To Meet Indian Concerns, China Offers to Re-Name China-Pakistan Economic Corridor

With the Belt and Road summit set for May 14-15, Chinese officials have increased their lobbying, through public diplomacy and behind closed doors, to get New Delhi to attend.

See also latest story: China Quietly Deletes Ambassador’s Offer to ‘Rename CPEC’ From Embassy Website

New Delhi: Even as India shows no sign of changing its decision to keep off the international conference China has called for later this month to promote its flagship One Belt, One Road (OBOR) initiative, Beijing has for the first time offered to re-name the China-Pakistan Economic Corridor (CPEC) – a key component of OBOR – to allay Indian objections.

The offer was made by the Chinese ambassador to India Luo Zhaohui in a speech to the United Service Institution (USI) here on Friday.

India’s main objection to the CPEC has been that it runs through Gilgit-Baltistan, a part of Jammu and Kashmir that is under Pakistani occupation. Earlier this year, Prime Minister Narendra Modi criticised the belt-road initiative, saying connectivity could not be allowed to undermine the country’s sovereignty. Last week, finance minister Arun Jaitley reiterated the same concerns. “I have no hesitation in saying we have some serious reservations about it (OBOR), because of sovereignty issues,” he told a media round-table in Tokyo.

At the closed door event on May 5, the Chinese envoy argued that his country had no “intention to get involved in the sovereignty and territorial disputes between India and Pakistan”.

Stating that the CPEC is for promoting economic cooperation on connectivity, Luo claimed that it has “no connections to or impact on sovereignty issues”.

This is not a new argument from China. A similar point was made by Chinese foreign minister Wang Yi last month at a media briefing about the forthcoming OBOR summit.

But in his speech, the Chinese ambassador floated a new offer as a possible solution to mitigate Indian concerns. China, he said “even can think about renaming the CPEC.”

What’s in a name?

To the extent to which the current name implies that the route of the corridor traverses the territory of only China and Pakistan – despite the fact that a portion of it runs through Indian territory occupied by Pakistan – a change of nomenclature might help alleviate Indian concerns about not conceding any ground on the question of sovereignty. However, New Delhi may take the view that a change of name matters little since the corridor will involve Chinese investments and projects on Indian territory that is under Pakistani occupation.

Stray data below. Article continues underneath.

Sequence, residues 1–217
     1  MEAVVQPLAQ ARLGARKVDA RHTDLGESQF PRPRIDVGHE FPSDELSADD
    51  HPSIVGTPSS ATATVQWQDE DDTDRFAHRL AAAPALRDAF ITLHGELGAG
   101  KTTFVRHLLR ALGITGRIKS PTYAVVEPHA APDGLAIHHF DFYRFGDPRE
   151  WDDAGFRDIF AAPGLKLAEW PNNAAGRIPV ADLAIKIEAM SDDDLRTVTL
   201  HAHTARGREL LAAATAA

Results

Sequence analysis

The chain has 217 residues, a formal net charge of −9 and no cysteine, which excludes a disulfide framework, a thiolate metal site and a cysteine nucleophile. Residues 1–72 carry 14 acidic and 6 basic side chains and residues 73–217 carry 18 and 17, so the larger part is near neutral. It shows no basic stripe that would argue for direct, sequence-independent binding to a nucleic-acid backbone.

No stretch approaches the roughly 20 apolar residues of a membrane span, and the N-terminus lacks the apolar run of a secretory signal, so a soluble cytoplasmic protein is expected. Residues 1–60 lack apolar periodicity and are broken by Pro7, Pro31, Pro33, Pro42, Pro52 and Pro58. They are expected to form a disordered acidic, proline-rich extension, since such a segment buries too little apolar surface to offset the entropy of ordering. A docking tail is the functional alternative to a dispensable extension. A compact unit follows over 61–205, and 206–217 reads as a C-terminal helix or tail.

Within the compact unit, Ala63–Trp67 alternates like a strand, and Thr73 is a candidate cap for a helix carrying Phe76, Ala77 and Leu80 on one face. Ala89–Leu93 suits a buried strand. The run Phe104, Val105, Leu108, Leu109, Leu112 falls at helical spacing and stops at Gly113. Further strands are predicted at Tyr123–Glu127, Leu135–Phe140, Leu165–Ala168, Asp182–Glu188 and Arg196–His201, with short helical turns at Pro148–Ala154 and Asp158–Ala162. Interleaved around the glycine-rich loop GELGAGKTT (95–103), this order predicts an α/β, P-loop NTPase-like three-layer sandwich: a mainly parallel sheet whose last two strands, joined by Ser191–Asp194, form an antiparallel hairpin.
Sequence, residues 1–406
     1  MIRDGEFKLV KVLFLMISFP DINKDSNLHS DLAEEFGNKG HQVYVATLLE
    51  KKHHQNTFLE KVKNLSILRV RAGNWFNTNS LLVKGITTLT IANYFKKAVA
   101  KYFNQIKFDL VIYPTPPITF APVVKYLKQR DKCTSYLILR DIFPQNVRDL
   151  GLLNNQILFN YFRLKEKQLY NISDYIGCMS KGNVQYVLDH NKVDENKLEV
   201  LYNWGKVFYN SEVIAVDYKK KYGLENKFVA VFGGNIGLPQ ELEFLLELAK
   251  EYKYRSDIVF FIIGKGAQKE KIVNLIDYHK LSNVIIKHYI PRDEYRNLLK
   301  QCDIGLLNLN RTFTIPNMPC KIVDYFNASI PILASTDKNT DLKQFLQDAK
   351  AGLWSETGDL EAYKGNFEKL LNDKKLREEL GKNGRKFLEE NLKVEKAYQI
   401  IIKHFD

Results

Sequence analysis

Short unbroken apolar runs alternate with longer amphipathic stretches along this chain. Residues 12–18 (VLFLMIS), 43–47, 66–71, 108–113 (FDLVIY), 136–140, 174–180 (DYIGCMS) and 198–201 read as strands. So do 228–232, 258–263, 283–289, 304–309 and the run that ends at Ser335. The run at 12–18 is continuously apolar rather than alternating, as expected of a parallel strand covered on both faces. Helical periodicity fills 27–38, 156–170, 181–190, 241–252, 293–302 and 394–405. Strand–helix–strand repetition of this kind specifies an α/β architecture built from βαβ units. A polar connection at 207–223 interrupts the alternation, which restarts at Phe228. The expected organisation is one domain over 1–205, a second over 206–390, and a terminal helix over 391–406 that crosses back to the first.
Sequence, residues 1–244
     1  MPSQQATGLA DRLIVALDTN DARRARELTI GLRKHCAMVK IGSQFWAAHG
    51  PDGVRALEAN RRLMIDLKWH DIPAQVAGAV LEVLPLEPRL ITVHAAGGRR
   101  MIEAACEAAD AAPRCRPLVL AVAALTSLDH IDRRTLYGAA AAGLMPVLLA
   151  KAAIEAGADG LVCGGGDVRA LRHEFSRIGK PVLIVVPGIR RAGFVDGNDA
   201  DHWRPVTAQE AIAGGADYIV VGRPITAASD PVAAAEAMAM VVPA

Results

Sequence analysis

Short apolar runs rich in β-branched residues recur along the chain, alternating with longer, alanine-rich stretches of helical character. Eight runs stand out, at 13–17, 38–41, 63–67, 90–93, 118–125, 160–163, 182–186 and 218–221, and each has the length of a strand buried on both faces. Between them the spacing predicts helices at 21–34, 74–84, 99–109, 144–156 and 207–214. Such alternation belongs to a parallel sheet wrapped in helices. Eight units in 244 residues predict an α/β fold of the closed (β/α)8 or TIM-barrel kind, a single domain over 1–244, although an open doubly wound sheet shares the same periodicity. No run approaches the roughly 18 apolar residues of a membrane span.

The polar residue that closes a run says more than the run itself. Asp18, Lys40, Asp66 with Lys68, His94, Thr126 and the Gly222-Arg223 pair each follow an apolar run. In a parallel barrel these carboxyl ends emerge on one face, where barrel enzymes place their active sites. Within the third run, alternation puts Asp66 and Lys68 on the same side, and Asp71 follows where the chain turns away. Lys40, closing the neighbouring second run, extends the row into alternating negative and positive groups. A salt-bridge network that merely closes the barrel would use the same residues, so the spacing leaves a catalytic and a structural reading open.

In any event, the re-naming of the CPEC – or even portions of it – could raise eyebrows in Pakistan, where Prime Minister Nawaz Sharif has promoted the $51 billion project as the key economic “game-changer” from his term in office. The Pakistani military establishment, which is a key stakeholder in the corridor, also sees enormous strategic value from the corridor and may baulk at any symbolic Chinese gesture towards Indian concerns.

Ambasasdor Lui Zhaohui. Credit: Couvrette/Ottawa

With the Belt and Road summit set for May 14-15, Chinese officials have increased their lobbying, through public diplomacy and behind closed doors, to get New Delhi to attend.

“China and India have had successful experience of delinking sovereignty disputes with bilateral relations before. In history, we have had close cooperation along the ancient Silk Road. Why shouldn’t we support this kind of cooperation today? In a word, China is sincere in its intention to cooperate with India on the OBOR, as it is good for both of us,” said the Chinese ambassador. The text of the speech was released by the Chinese embassy after the USI event.

Chinese officials have previously pointed out that Japan was sending a senior ruling party official to the summit, even though Tokyo cannot by any stretch of the imagination be termed a supporter of OBOR.

Indian officials have been cool to Chinese president Xi Jinping’s One-Belt, One-Road (OBOR) initiative from the beginning, viewing it more as a strategic and political endeavour to gain footholds in key regions through infrastructure projects.

China’s four-point proposal

Luo proposed that the two Asian giants could “actively explore the feasibility of aligning China’s “One Belt One Road Initiative” (OBOR) and India’s “Act East Policy”.

This was suggested by the Chinese envoy in a four-point “long term vision for China-India relations”. The other three points were to begin negotiation on a China-India treaty of good neighbourliness and friendly cooperation, restart talks on the China-India Free Trade Agreement and “strive for an early harvest on the border issue”.

Pushing for the flagship agreement, Luo said, “On the diplomatic front, India has put forward the “Act East Policy”, “Spice Route” etc, and a number of regional connectivity initiatives, as well as vigorously pushed forward the BIMSTEC. As close neighbours, China and India could be natural partners in connectivity and the OBOR”.

Recently, India’s former national security advisor Shiv Shankar Menon wrote in The Wire that with in-built riders over sovereignty, India could explore the opportunity of the Belt and Road initiative to see if “portions” could serve Indian interest in improving connectivity and economic integration.

Chinese push for Indian growth